By Cara Murez HealthDay Reporter
health day reporter
WEDNESDAY, Sept. 21, 2022 (HealthDay News) — In a report released Tuesday, the U.S. Food and Drug Administration acknowledged numerous shortcomings in its response to infant formula shortages earlier this year.
“For things that are critical to public health, if you don’t understand how all the pieces fit together, then when you get into a crisis or a shortage, you have a real problem,” the FDA commissioner said. , Robert Califf. Associated press. “To a large extent, that’s what happened here.”
Among the issues highlighted in the report were outdated data-sharing systems, while food inspector staff and training were below par. The agency also had a poor understanding of infant formula manufacturing supply chains and procedures.
The 10-page report comes eight months after the agency closed Abbott’s infant formula plant in Michigan due to safety concerns and reports of infant illnesses. The review was led by a senior official who interviewed about 60 agency employees.
Although a whistleblower attempted to notify the FDA of the issues in September 2021, the agency did not investigate until the following February.
At that time, four infants were sick and two had died. The FDA is still investigating whether there is a link between these infants and formula, PA reported.
“Whistleblower complaints come to the agency in different ways, from different sources,” said Dr. Steven Solomon, director of the Center for Veterinary Medicine and the person who oversaw the review. PA. “One of the steps we’ve already taken is to make sure that regardless of how they come into the agency, they’re sorted and escalated to the right levels of management.”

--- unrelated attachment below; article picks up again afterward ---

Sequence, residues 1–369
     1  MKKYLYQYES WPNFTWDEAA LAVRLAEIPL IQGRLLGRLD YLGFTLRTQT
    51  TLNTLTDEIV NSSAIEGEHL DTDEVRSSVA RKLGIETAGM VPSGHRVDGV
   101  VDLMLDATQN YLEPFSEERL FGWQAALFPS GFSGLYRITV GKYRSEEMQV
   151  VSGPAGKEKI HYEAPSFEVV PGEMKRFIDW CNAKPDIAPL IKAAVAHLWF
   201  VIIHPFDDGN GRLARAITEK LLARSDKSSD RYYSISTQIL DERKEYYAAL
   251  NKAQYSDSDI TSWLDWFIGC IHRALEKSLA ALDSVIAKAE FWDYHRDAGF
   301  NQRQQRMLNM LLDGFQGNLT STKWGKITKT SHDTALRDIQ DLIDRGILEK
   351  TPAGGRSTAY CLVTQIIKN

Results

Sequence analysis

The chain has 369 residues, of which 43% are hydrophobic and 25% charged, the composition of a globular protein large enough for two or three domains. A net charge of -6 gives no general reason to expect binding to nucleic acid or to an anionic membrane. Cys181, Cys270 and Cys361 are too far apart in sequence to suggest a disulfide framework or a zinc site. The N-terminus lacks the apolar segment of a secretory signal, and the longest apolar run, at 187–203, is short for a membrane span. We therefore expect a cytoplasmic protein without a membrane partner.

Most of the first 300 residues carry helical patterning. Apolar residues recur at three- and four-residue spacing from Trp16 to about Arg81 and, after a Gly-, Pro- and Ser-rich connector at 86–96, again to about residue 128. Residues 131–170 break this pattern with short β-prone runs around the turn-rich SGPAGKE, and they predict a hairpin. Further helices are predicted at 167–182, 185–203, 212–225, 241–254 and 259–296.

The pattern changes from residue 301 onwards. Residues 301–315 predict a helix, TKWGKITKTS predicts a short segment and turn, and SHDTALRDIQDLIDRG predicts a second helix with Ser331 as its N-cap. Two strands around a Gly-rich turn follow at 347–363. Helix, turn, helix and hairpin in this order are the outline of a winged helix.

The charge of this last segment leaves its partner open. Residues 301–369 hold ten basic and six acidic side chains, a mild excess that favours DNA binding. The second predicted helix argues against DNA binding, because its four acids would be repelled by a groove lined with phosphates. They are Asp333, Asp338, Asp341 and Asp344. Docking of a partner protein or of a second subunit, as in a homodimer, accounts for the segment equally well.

Mail delays were one of the reasons the FDA was not made aware of the complaint sooner, according to information provided by the agency to Congress. Another was the failure to escalate whistleblower claims.
The FDA’s “inadequate processes and lack of clarity regarding whistleblower complaints” likely contributed to the delays, according to the report.
Shipping issues experienced by “third-party delivery companies” have further caused delays in testing bacterial samples and the agency has struggled with its testing capacity for rare but potentially deadly species. cronobacteria bacteria linked to infant formula outbreak.
Still other issues were caused by the pandemic, both when the agency missed inspections after pulling inspectors from the field and also due to COVID cases among agency staff, the report said.
The FDA plans to seek a new authority that would require companies to provide samples and records on manufacturing supply chains, quality and safety.
The report also called for congressional funding to improve infant formula inspections and standards. It would increase funding and hiring power for new experts in the FDA’s food division, as well as improving technology to share data on FDA inspections, consumer complaints, and test results.
Still, the report doesn’t go far enough, Scott Faber of the environmental task force said in a statement.
“This internal assessment treats the symptoms of the disease rather than offering a cure,” Faber said. “Nothing in this assessment addresses the fragmented leadership structure that led to critical communication failures.”
Problems at the Abbott factory in February triggered major formula shortages and led the United States to airlift about 80 million bottles of formula from other countries.
The US Centers for Disease Control and Prevention has more on cronobacteria .